Shifting from Reactive to Predictive in Energy: Driving Valuable Outcomes in a New Digital Landscape Part 1

Technology and Digital


May 16, 2018

For the Oil and Gas industry to succeed in making the digital shift from reactive to predictive maintenance, their processes and technology applications need to evolve. In this three-part blog series, we will discuss the following:

  • Incorporating Data Analysis into Operations Processes, Part 1
  • Human and IT impacts, Part 2
  • Managing Digitalization Programs, Part 3

Most digital projects today rely heavily on disparate data generated from censored, physical objects or “things” – as used in the common term, Industrial Internet of Things (IIoT). To put some numbers on this, Gartner, Inc. forecasted that 8.4 billion connected things would be in use, worldwide by 2017, up 31 percent from 2016, and will reach 20.4 billion by 2020. The number of individual sensors could top one trillion as of 2020 according to estimates from several companies and industry groups. As the number of installed, object-level sensors increase, vast quantities of new data are sent, stored and must be analyzed to build predictive models and prevent break down on equipment; this is accomplished by developing and training predictive algorithms in the form of neural networks and implementing those algorithms within the appropriate technology-based solution frameworks.

Effective data management requires that the implementation of digital technology considers requirements for cyber security, infrastructure and operational information capture, with minimal disruption to normal operations. From this point, the development of data analysis routines and models will help to build more predictive algorithms. For example, data scientists can identify patterns that enable operators to be notified that a piece of equipment requires service when time series performance data indicates a given operational process parameter such as pressure, temperature, vibration, etc., is falling outside of normal operating limits; providing an early warning signal that a given equipment object may be experiencing health issues or even approaching failure.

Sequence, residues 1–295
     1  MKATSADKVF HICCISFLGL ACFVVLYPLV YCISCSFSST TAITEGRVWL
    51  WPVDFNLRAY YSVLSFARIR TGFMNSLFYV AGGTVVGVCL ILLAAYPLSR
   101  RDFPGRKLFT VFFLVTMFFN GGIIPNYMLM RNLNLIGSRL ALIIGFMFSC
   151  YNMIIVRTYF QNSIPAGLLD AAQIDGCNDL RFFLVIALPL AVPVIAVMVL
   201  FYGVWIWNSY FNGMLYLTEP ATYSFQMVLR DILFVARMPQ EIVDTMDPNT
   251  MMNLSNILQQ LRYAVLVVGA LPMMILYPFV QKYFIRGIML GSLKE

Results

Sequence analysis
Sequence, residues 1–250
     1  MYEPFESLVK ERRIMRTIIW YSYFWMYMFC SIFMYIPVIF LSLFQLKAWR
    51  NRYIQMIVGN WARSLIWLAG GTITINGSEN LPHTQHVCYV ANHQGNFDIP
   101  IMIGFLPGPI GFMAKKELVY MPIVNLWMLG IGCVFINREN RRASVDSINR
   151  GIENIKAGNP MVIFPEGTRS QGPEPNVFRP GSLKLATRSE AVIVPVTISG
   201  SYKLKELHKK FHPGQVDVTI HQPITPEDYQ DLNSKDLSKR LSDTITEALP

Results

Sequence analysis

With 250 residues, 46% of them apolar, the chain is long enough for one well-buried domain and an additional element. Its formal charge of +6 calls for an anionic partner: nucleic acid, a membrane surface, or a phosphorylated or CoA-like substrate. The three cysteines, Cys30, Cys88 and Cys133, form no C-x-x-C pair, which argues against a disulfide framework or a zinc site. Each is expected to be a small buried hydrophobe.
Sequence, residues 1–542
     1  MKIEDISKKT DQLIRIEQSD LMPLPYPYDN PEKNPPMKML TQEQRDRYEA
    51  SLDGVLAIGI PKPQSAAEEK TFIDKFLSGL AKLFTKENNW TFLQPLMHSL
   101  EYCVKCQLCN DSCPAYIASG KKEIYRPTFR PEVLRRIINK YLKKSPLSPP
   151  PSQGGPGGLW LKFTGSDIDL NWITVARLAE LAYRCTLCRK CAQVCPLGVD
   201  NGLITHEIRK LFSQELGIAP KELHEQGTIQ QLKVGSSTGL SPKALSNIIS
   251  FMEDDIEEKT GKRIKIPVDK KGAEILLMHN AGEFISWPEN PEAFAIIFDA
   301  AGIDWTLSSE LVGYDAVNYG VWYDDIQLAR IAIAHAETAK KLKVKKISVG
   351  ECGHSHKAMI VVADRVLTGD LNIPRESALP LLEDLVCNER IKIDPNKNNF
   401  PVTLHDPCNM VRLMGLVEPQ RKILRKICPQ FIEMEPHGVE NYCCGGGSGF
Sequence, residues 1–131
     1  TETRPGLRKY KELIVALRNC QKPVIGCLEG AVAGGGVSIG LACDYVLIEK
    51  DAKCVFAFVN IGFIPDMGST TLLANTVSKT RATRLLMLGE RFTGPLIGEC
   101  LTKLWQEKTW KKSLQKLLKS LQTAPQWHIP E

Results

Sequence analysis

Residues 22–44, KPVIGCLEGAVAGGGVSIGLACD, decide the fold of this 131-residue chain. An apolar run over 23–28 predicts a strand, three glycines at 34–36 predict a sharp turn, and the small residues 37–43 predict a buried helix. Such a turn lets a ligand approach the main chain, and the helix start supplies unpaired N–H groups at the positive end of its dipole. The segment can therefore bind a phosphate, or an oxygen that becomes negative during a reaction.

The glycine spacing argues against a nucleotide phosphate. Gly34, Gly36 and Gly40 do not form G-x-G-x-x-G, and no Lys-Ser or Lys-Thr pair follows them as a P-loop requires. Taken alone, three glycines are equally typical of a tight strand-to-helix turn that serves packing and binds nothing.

Another common industry example focuses on the Owner Operator’s goal to keep operations up-and-running and avoid disruptive events such as a process upset or an unplanned plant shutdown. To avert such situations some maintenance managers opt to hedge their requirements for parts safety stocks. As a result, many organizations incur higher inventory carrying costs with excess materials spares stocks on hand. Artificial intelligence and Machine learning can help to reduce costs and improve stock management by anticipating, through algorithms, the parts demand based on historical material usage data and installed equipment failure rates.

Organizations will likely see value in the establishment of a data center that works to optimize analysis models and drive further data capture. A data center organization is a key component of any successful digital transformation initiative as it enables collaboration between business and data analysis experts around the use of Artificial Intelligence and Machine Learning.  As such capabilities require specialized skills, it may be necessary to augment the data center with external resources who possess specific niche subject matter expertise. However, in this operations context, data analysis skills that may be sourced externally need to be quickly integrated into the company to secure competitive position and preserve data security.

The main goal of data analysis is for derived insights to be central to operational decision making. It is therefore essential to consider the following:

  • Make sure relevant and reliable information is available at the right time: choose and identify key data sources with added value, define the relevant analysis frequency and how the final information will be communicated to the end user.
  • Build new predictive models: predictive models should help the industry rethink a new way of operating. Existing processes and the management of data across its life cycle will be impacted, as digital will bring a large amount of data in real time from multiple sources
  • Prepare and anticipate the transition from external to internal data analysis knowledge: guarantee autonomy and appropriation of new tools and methods (data models will become a competitive differentiator for companies and should be considered and treated as organizational intellectual property (IP).
  • Ensure that a culture of operational excellence is pervasive: drive further optimization of systems and processes to increase the value of data

Understanding and developing the above points are excellent starting points for any organization seeking to make sense of the significant amount of data generated and leverage that data for analysis that supports value-adding insights. However; moving to a more predictive mindset and model will require an understanding of both the human and IT impacts, as well as a strategy for managing digitalization – both of which will be touched upon in the Part 2 and Part 3 of this series.